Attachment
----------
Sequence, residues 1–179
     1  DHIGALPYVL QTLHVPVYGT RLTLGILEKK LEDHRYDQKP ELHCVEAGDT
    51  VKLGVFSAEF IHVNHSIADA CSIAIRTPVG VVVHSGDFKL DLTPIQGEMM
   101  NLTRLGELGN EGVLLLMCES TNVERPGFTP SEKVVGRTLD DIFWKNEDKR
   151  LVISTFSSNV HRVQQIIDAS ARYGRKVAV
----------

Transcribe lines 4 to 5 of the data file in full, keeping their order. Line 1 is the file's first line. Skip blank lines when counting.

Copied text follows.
   101  NLTRLGELGN EGVLLLMCES TNVERPGFTP SEKVVGRTLD DIFWKNEDKR
   151  LVISTFSSNV HRVQQIIDAS ARYGRKVAV